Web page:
Cold weather, a decline in seagrass due to development, and contaminated waterways have contributed to 432 deaths this year
https://www.theguardian.com/us-news/202 ... 1615494244
The number of deaths, 432 so far this year, is nearly three times the five-year average of 146 deaths between 1 January and 5 March, the South Florida SunSentinel reported, citing figures from the Florida fish and wildlife conservation commission. Last year, the state recorded 637 manatee deaths, and in 2019, 607.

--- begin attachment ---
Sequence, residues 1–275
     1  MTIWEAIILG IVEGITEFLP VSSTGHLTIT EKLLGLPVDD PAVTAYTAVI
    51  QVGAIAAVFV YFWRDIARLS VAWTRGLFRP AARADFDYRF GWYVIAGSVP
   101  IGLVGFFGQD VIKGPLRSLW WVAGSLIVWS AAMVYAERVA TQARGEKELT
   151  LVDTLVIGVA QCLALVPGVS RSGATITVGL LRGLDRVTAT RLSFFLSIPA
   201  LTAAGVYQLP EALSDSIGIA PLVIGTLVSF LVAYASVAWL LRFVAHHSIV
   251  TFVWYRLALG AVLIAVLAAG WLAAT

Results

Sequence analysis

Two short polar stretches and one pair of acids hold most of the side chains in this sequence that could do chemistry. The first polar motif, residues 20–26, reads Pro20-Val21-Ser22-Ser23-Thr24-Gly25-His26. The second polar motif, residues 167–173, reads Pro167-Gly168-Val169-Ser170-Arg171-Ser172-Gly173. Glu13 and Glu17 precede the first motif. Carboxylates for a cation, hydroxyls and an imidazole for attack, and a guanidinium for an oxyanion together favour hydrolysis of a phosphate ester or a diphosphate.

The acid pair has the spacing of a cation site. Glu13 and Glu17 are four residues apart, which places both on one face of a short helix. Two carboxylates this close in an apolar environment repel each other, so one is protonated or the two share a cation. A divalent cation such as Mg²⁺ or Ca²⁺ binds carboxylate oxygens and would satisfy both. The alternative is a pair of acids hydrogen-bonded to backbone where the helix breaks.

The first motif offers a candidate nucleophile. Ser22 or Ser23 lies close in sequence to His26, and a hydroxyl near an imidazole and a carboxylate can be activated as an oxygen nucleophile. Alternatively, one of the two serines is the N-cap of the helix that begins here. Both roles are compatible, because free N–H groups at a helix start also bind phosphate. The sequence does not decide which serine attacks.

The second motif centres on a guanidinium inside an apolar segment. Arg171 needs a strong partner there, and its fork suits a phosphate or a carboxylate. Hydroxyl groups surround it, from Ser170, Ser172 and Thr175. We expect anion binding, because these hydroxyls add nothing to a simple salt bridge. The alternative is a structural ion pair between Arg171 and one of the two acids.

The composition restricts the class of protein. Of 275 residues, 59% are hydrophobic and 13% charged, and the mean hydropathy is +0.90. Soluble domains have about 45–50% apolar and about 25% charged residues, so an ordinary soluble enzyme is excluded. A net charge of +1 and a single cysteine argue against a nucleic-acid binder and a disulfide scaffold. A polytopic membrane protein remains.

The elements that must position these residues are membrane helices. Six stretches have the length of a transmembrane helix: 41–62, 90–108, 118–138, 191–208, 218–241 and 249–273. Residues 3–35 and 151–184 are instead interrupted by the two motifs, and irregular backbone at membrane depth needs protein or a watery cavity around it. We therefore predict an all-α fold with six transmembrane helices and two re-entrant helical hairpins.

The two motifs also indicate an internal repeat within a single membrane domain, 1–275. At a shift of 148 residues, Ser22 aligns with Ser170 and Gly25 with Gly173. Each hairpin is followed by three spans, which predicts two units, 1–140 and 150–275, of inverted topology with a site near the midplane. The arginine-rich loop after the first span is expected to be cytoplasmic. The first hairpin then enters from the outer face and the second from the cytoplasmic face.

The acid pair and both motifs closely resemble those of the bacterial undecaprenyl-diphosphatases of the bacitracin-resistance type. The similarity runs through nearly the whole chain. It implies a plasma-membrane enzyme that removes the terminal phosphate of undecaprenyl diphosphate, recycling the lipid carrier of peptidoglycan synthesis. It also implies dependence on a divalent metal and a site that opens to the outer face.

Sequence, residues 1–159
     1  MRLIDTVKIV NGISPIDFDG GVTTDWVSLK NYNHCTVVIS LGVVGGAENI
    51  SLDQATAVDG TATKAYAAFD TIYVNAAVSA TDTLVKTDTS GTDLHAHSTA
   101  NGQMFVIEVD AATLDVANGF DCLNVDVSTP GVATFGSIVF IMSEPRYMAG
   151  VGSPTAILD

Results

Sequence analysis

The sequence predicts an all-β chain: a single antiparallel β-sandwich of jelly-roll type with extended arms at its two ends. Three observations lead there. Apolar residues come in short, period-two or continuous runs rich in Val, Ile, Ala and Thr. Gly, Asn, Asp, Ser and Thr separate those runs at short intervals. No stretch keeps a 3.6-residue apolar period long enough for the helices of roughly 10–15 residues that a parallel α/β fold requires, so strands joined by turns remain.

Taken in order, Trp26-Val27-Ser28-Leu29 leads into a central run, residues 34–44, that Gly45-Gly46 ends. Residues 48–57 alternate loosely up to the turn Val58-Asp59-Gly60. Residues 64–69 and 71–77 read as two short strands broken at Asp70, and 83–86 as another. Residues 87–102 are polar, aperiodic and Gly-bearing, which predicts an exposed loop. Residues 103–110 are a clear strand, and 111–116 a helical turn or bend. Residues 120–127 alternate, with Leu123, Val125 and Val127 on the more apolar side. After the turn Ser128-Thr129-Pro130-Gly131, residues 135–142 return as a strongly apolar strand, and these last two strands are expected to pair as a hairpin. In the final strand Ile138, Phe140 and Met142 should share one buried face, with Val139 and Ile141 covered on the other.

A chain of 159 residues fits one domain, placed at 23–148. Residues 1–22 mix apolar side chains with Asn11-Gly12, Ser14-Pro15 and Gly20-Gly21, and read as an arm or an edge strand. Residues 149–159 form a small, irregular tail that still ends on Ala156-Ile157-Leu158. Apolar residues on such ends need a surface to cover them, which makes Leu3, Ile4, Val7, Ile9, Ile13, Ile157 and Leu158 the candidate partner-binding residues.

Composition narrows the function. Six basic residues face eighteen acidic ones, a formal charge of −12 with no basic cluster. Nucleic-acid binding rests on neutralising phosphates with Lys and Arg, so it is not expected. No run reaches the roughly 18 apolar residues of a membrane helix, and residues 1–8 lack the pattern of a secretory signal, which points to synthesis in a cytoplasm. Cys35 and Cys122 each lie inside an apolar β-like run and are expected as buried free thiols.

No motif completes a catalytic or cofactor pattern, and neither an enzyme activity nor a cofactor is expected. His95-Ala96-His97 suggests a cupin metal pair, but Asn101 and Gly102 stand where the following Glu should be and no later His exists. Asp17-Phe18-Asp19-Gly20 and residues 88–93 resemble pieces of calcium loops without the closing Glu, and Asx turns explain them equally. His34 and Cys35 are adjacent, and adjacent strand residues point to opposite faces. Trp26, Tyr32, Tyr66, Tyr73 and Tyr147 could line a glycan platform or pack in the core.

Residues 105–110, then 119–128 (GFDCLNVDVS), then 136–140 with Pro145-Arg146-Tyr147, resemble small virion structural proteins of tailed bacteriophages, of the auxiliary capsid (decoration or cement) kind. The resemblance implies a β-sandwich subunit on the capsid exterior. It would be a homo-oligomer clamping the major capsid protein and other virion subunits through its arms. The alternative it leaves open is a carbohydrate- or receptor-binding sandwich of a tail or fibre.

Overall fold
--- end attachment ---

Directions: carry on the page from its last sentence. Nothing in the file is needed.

“It’s this combination we have of cold weather, we have a reduction of where manatees can go, and in the places where manatees can go, as a consequence of human development and other activities, we have poor water quality which has resulted in these grass die-offs,” said Jaclyn Lopez, Florida director of the Center for Biological Diversity.
The largest number of deaths is in Brevard county, with 179, the newspaper reported. Many of those deaths occurred along the Indian River, which is a common warm-water gathering place, officials said. The manatees swim away to eat seagrass, which is their main source of food. But they aren’t finding as much, so they return hungry to the warmer water.
“A manatee will choose starvation over freezing to death,” Lopez said.